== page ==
Did the public know all the facts about Lolita’s death at Miami Seaquarium? | Opinion

It was the last straw. After the death of a young sea lion in June 2024, Miami-Dade County began eviction proceedings against the troubled current operators of Miami Seaquarium, which opened in 1955 and was once a gold star tourist attraction.

The eviction will likely trigger a legal battle between Miami-Dade and MS Leisure, a subsidiary of The Dolphin Company that operates the Seaquarium.

For decades, the Seaquarium has been plagued with allegations of animal abuse. At first glance, the sudden tension between the county and the Seaquarium is surprising. Just last year, the county and the Seaquarium partnered with a non-profit group, Friends of Toki, to announce a so-called plan to move the Seaquarium’s famous endangered killer whale Tokitae, whose famed performing name was Lolita, to a sea pen sanctuary in Washington.

In reality, Lolita’s tank was falling apart, and the stadium surrounding her was no longer safe for guests to watch her perform. The move never happened. Lolita died five months later.

Around the same time the Seaquarium announced sanctuary plans for Lolita, the Seaquarium failed its sewer recertification, email exchanges between the park operators and county officials reveal. The emails were obtained via a public records request from Miami-Dade County.

The failure was because raw sewage had flowed into Biscayne Bay since the spring of 2023. Following the bay currents, the contaminated water is sucked through the park’s intake pipes and pumped into the animal tanks, the email exchanges revealed. The month before Lolita died, chlorine disinfection in her tank was stopped and poor water quality likely contributed to her death.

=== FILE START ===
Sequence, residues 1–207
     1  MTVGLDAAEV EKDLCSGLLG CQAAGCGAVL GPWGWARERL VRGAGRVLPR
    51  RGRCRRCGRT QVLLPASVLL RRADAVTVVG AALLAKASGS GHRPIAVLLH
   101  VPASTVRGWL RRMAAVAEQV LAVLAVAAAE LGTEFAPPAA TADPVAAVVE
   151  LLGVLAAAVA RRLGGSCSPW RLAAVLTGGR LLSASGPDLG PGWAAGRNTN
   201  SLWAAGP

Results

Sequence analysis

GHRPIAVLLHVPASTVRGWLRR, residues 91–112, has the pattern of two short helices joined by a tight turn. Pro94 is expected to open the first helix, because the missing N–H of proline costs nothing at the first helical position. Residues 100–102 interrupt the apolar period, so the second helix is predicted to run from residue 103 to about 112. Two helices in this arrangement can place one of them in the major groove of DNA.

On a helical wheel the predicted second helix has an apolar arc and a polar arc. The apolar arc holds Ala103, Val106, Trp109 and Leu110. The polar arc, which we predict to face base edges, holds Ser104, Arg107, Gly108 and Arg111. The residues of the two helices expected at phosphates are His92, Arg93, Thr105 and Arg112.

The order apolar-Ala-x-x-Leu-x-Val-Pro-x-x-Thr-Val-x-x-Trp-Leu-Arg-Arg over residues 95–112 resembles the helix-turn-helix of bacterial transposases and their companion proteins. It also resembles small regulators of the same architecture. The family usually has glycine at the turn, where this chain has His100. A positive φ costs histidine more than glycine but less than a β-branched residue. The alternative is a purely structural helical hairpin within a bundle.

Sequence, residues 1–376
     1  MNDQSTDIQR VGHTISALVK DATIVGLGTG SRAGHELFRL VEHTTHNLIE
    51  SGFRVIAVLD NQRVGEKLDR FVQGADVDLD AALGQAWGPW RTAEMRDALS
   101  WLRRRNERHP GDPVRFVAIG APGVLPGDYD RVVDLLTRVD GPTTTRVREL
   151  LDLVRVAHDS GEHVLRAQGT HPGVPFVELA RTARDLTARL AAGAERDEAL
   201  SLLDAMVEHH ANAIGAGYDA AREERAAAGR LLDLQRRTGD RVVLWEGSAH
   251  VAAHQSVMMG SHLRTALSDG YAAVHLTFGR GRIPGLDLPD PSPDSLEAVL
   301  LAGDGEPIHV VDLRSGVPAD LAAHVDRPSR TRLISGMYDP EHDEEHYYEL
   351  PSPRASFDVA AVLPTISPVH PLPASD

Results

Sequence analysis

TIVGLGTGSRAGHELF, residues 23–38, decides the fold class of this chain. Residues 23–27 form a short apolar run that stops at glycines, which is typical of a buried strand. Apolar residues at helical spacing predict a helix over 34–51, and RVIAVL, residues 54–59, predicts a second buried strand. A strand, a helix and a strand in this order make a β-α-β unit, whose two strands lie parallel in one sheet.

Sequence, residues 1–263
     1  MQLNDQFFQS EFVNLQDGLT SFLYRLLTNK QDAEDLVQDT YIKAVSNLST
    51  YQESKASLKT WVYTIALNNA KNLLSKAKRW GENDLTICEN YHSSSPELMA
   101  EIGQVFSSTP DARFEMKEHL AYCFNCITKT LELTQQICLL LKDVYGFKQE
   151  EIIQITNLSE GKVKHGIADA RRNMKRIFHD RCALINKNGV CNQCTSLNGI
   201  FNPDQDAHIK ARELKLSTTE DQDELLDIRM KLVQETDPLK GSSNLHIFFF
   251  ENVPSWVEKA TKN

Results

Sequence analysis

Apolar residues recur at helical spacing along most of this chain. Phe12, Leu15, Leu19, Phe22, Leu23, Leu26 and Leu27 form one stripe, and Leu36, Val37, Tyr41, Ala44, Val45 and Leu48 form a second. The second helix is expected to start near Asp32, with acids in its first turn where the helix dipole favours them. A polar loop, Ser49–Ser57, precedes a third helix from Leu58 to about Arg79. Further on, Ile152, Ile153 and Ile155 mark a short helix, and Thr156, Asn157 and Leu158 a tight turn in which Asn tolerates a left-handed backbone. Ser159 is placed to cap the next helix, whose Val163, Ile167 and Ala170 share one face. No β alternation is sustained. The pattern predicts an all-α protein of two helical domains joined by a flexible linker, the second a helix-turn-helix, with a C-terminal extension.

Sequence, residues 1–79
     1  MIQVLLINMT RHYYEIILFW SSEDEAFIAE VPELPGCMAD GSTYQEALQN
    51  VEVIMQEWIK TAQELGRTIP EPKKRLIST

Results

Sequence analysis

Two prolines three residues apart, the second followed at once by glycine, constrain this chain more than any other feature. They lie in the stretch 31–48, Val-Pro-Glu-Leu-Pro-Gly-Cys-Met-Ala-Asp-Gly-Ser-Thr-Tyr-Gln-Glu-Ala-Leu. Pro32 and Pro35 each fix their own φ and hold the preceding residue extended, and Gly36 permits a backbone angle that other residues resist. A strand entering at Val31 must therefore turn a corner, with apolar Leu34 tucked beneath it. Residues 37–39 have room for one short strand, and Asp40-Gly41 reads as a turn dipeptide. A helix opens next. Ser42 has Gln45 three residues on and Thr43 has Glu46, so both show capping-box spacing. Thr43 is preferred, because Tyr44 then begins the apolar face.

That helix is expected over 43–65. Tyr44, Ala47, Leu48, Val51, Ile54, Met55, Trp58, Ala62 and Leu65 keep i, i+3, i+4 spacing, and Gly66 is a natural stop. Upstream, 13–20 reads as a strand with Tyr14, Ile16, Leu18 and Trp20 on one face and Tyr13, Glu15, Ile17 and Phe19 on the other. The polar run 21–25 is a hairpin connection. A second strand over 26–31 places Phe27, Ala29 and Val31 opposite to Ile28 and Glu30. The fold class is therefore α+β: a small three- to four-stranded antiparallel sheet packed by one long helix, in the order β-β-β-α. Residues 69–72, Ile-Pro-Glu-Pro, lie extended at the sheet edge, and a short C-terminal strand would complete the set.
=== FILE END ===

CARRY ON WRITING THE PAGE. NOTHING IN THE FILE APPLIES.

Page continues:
At SeaWorld in Orlando, orcas are kept in a gated fortress with round-the-clock security. The Dolphin Company allowed the anti-captivity group Friends of Toki to pay for Lolita’s “care” and training. In contrast, the group filmed a documentary about her voyage home.

For years, the Seaquarium has, at times, violated the Animal Welfare Act, allowing starvation, inadequate veterinary care, inexperienced staff, deteriorating enclosures, poor water quality, and animal deaths. It has all been documented in news accounts and reports.

For 53 years, the USDA allowed Lolita to live in the smallest tank in the world for a killer whale without another whale of her kind, violating the law.

MS Leisure and its partners claim measures were taken to try to save Lolita. Back in March 2022, the USDA granted MS Leisure (a subsidiary of The Dolphin Company) an exhibitor’s license for the Seaquarium, but excluded the most prominent attraction, Lolita, from performing, or being displayed to the public. The public thought this move meant Lolita’s situation would finally improve, but in reality it removed all of her Animal Welfare Act protections.

Lolita’s “retirement” came after the USDA documented for the first time that her tank was illegal and desperately needed repair. The USDA never published the report, it was revealed in records obtained via another Freedom of Information Act request.

The unprecedented decision by the USDA to deregulate Lolita allowed MS Leisure to maintain the country’s most famous orca in a deplorable tank. Lolita died in a tank in disrepair while the general public believed she was doing great and going home soon. Ironically, MS Leisure’s deal with the USDA not to publicly display Lolita allowed the severity of her situation to remain hidden from the public.

The Seaquarium claims the county’s eviction is a land grab and has nothing to do with concern for the animals. County officials maintain they have done their best to protect the Seaquarium animals. In fact, The Dolphin Company was brought in with the hopes that they would do better than the previous operators.

Could Miami-Dade done more to protect the Seaqurium animals?

Sadly, just when the world was convinced the killer whale was finally going to be free from a tank and moved out of the infamous Seaquarium, she succumbed to its deadly reputation, a pawn in one last desperate attempt to exploit the famous whale.

Valerie Greene is a former SeaWorld Orlando animal trainer and a Barry University’s Dwayne O. Andreas School of Law graduate.